A lot of my tutorials involve prong (claw) settings, so I made this free setting tutorial as an overview to help my students practice setting skills and complete their projects more easily.
This free tutorial follows the same format as all my other free and premium tutorials. This gives you a good insight into the technical teaching methodology.
I start with the blank ring.
This ring is 4.5 mm wide and the stones that are going to be fitted are 3 mm in diameter.
The stones don't quite fit in between the claws yet.
The stone diameter is 3 mm and I am using a coloured stone to give a better visual contrast against the silver metal.
I use a 2 mm 60° setting burr for this job, because the stones are 3 mm in diameter.
Theoretically, a 3 mm setting burr would be easier because all four claws can be cut at once, rather than using a 2 mm burr and cutting the claws one at a time.
However, in practice, claws cut with a big burr tend to be over cut, and once cut, leave no room for adjustment.
With a slightly smaller burr than the diameter of the stone, one can go back and do some adjustments should the stone not be level.
I first cut one side of the claw so that a notch forms. Not too deep, because otherwise the claw will be weakened.
And not too shallow, otherwise the girdle of the stone won't lock into the notch.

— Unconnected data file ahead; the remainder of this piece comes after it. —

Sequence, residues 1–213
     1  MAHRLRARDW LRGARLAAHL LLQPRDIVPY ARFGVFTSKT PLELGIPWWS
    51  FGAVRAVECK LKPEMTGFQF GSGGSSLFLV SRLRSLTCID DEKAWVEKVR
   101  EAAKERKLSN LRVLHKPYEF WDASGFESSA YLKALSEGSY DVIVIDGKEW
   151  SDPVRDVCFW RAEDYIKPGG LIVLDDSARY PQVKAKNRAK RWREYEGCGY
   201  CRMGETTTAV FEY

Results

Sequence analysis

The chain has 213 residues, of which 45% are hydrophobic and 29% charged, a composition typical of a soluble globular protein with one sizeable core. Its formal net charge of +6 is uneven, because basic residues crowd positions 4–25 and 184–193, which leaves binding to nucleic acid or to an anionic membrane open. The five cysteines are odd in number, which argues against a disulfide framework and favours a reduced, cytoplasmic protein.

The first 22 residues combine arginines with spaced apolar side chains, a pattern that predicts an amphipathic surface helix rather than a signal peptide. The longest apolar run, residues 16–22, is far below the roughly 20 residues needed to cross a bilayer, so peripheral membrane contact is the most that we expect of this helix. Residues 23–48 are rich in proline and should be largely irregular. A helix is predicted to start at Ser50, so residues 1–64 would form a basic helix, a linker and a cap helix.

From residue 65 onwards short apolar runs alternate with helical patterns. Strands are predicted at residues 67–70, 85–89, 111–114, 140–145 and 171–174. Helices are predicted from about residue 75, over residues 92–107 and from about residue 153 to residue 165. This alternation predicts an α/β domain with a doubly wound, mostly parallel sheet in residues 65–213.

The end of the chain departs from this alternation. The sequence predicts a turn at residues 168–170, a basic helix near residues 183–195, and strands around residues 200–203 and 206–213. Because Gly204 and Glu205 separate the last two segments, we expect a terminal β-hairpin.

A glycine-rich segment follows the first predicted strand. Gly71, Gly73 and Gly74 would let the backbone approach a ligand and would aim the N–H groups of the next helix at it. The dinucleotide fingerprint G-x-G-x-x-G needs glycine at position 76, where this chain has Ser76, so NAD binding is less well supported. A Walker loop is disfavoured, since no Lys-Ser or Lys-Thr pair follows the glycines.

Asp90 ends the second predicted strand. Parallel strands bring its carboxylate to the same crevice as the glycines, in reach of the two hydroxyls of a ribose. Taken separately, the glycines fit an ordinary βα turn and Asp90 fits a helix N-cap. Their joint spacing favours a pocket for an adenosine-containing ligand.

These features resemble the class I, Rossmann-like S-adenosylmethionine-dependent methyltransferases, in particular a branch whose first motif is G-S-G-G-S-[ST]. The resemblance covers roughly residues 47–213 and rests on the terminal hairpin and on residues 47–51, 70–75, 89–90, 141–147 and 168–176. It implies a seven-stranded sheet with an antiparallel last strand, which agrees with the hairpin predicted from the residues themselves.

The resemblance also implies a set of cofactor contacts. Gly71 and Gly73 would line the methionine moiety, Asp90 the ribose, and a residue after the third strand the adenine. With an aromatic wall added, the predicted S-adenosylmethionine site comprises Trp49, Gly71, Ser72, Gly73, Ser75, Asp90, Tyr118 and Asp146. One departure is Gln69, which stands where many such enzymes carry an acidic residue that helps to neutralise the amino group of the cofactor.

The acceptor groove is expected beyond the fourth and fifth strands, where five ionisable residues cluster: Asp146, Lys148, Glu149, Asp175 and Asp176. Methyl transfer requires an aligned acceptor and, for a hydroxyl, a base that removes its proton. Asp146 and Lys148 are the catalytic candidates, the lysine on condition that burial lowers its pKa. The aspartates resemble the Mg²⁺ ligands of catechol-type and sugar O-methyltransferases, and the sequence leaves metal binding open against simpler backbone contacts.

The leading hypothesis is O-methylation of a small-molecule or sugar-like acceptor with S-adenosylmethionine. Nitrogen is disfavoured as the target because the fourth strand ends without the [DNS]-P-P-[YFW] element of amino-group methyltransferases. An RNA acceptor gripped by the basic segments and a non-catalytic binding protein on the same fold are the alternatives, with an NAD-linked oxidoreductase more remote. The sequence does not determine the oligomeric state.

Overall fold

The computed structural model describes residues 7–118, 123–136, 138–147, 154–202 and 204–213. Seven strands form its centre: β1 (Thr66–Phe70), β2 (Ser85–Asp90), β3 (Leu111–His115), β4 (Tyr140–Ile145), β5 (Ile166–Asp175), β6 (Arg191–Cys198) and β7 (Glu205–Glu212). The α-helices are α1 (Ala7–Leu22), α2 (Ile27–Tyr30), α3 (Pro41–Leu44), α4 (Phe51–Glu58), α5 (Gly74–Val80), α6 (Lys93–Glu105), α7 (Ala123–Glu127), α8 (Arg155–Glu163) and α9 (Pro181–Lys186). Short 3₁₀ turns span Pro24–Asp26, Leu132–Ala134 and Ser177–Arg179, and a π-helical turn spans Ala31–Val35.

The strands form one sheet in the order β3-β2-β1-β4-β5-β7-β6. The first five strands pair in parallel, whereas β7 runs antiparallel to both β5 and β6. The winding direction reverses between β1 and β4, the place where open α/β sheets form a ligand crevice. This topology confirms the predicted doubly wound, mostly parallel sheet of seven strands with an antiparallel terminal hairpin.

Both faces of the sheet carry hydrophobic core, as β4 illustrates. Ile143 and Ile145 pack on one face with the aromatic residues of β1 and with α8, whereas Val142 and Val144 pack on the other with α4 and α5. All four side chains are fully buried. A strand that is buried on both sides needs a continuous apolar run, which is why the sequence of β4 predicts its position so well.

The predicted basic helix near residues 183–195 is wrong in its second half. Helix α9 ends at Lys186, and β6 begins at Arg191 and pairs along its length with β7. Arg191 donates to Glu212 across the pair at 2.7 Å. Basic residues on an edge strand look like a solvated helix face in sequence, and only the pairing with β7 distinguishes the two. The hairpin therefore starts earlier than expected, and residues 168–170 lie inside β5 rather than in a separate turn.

This is the part that takes a bit of practice.
This picture shows the notch that is cut to the correct depth. One can see the girdle of the stone will hook under the top lip of the notch.
All the claws are cut in this manner. The setting burr leaves a bit of swarf on each prong and this needs to be removed with a scriber or a flat graver.
Here the first stone is fitted into the claws.
Note that the table of the stone is about the same height as the top of the claws.
Here all three stones are fitted and are all the same height and also level.
At first this process can be a bit frustrating for a beginner, particularly getting them all the same height.
With practice though, it becomes easier and the bottom line in all jewelry making is practice, practice and more practice.
Now the claws are pushed over the stones.
First the one side and then the other side of a stone.
It is better to push a little form one side and then push a little from the other side and the a bit more on the first side.
This picture is posed showing the brass pusher and the angle of force.
Before force is applied, consciously check to see that your pusher is firmly on the claw and also at the correct angle, to avoid slipping off.
I make my own brass pushers out of 3 mm brass rod. It is good practice to make your own pushers, because it allows you to make a pusher for a particular job.
Because the pusher was made for that job, the work is finished off more quickly and neater, rather that struggling with a pusher that it to big or too small.
The claw pusher is fitted into a mushroom graver handle.
Afterwards the ring is polished in the normal manner.
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